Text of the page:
The London Howlin’ Wolf Sessions
For The London Howlin’ Wolf Sessions, Dayron enlisted a band that included the Rolling Stones’ rhythm section of bassist Bill Wyman and drummer Charlie Watts, and guitarist Eric Clapton, who was still flush with fame and fortune from the success of his blues-rock power trio Cream. The producer flew Wolf, his longtime guitarist and musical foil Hubert Sumlin, and young harpslinger Jeffrey Carp to London to record with the British chaps for a week. The sessions weren’t without drama, however – by 1970, Wolf was a sick man, with heart and kidney problems that made the mercurial bluesman even grouchier. Wolf didn’t know what he was doing messing around with these damn fool kids, and some of his performances were tentative, at best.
However, as music journalist and blues historian Bill Dahl outlines in his excellent liner notes to the deluxe edition of The London Howlin’ Wolf Sessions, eventually everything began to gel in the studio and Wolf and the assembled band knocked out an acceptable, if not remarkable album of classic blues music. As a kid I was enchanted by both Howlin’ Wolf and The London Howlin’ Wolf Sessions, one of the first blues albums I’d heard at the time. I had no idea in 1971 or 1972, when I first picked up the album, that blues purists had dismissed it as a trivial work on the part of those involved; or that Clapton had virtually disowned the album (perhaps “Slowhand” should be so frank in reconsidering much of his mediocre 1980s work!).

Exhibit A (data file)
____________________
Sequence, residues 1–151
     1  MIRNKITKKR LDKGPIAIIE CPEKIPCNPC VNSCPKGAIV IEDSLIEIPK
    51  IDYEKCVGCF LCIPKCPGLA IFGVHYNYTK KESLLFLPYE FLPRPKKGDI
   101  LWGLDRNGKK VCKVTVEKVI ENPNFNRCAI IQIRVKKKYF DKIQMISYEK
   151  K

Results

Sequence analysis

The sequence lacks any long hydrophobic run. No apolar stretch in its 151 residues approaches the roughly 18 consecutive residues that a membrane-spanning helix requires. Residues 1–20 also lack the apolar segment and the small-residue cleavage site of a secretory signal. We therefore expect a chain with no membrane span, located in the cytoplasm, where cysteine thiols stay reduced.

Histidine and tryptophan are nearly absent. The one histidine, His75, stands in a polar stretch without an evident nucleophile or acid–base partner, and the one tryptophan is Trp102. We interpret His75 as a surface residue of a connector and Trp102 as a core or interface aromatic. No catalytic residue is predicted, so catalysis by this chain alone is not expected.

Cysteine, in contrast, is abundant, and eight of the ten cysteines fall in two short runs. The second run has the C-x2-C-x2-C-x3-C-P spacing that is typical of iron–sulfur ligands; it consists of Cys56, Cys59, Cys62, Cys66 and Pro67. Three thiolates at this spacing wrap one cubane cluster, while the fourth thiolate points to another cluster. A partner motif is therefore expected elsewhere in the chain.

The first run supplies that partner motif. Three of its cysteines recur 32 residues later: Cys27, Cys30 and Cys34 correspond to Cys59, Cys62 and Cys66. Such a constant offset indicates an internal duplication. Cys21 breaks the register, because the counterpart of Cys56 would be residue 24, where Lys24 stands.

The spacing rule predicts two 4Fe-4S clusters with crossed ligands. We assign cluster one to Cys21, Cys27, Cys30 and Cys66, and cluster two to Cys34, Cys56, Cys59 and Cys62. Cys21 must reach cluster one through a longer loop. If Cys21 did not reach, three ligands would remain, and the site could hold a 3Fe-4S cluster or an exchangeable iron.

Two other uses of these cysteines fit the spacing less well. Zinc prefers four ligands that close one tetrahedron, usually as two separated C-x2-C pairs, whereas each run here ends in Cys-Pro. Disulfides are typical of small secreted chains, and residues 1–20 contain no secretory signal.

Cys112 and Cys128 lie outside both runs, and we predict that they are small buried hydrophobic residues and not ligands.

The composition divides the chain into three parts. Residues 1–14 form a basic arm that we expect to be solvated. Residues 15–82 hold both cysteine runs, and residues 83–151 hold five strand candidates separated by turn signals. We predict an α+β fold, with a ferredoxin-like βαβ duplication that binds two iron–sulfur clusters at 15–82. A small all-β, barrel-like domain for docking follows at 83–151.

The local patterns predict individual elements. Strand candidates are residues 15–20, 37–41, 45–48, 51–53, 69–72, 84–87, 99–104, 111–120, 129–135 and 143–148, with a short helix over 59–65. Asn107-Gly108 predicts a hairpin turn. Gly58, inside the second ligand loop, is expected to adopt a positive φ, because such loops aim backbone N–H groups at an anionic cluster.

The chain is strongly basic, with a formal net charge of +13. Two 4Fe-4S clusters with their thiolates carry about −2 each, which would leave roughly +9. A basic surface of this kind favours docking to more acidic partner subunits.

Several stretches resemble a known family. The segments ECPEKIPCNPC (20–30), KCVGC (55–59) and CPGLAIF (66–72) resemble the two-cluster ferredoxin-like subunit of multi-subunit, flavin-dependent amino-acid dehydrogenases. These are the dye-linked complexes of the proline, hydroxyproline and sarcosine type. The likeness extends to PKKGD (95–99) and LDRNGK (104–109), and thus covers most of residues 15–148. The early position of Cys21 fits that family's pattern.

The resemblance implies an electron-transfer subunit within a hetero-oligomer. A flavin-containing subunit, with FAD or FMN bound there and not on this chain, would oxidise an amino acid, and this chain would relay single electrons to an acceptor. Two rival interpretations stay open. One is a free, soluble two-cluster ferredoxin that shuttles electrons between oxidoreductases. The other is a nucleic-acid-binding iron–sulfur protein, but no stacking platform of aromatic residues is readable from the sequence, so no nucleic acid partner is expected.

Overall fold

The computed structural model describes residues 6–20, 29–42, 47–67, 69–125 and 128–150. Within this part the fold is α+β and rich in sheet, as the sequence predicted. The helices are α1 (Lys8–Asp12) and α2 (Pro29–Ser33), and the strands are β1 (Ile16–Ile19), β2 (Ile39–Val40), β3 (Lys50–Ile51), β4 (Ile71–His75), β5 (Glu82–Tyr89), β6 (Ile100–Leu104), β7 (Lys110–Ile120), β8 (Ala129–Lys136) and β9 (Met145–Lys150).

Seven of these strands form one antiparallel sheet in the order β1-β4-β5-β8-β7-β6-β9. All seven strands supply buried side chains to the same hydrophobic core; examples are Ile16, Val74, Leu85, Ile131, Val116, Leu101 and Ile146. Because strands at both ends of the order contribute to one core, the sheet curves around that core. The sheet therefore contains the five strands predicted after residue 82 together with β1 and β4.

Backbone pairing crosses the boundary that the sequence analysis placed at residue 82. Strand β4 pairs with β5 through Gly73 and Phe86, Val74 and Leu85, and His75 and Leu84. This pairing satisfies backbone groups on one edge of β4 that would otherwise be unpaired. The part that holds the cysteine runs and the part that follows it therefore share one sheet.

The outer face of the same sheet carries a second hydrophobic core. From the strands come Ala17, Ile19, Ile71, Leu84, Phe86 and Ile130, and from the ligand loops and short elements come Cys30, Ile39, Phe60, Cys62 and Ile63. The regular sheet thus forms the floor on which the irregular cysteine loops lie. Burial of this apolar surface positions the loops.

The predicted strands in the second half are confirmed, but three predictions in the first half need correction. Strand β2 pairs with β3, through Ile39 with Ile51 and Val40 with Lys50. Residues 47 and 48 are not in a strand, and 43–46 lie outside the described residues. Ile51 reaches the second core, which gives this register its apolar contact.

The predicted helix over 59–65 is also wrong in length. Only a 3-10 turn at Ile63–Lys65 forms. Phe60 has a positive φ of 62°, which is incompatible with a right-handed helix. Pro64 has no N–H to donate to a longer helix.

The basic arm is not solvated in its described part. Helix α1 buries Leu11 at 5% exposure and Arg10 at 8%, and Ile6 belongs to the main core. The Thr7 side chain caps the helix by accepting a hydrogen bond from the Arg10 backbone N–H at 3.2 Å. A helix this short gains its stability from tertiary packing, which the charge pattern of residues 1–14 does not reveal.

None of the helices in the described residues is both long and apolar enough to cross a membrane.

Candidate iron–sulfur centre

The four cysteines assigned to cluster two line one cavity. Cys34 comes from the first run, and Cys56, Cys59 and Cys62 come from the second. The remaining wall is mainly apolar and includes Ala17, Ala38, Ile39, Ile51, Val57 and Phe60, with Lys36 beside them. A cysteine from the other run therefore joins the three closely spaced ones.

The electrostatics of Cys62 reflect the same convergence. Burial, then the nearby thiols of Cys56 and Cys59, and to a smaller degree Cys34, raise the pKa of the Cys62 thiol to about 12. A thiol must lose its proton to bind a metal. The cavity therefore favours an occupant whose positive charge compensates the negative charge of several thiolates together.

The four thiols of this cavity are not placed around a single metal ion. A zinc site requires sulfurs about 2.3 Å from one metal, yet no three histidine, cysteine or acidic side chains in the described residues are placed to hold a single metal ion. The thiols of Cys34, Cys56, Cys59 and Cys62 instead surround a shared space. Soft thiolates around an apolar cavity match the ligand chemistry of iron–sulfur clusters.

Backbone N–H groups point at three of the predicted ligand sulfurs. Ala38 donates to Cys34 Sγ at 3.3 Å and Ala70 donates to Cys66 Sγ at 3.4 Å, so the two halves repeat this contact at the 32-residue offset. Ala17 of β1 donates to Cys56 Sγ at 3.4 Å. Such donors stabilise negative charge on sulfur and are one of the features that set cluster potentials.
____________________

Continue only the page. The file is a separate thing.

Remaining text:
Built For Comfort
For a fourteen-year-old budding blues fan, however, everything from the painted cover art to the B&W session photos inside, not to mention the music found on The London Howlin’ Wolf Sessions, all came as a revelation that would lead to a deeper study of the blues. Through the years, the initial harsh critical reception afforded the album would soften somewhat, and I’ve since spoken with many musicians that revere these performances. So, some 40 years after its recording, how does The London Howlin’ Wolf Sessions stand up to the master’s body of work?
The album holds up better than might be expected, and maybe even moves up a notch or two towards minor classic status in my estimation. Sure, nothing here is going to match the Wolf’s powerful mid-1950s work for Chess Records, or even his earlier recordings for Sam Phillips in the Sun Studio in Memphis; then again, nothing ever could. Truth is, as the Wolf’s early-to-mid-1960s “albums” were really nothing more than collections of previous singles releases, he wasn’t really an album-oriented artist like Waters would become. Later attempts to appeal to young, album-oriented blues-rock fans with releases like 1969’s This Is Howlin’ Wolf’s New Album or 1971’s Message To the Young would fail miserably commercially and critically. That leaves us with The London Howlin’ Wolf Sessions, a spirited collection of new performances of old songs, delivered with a fresh perspective on the blues while retaining their traditional appeal.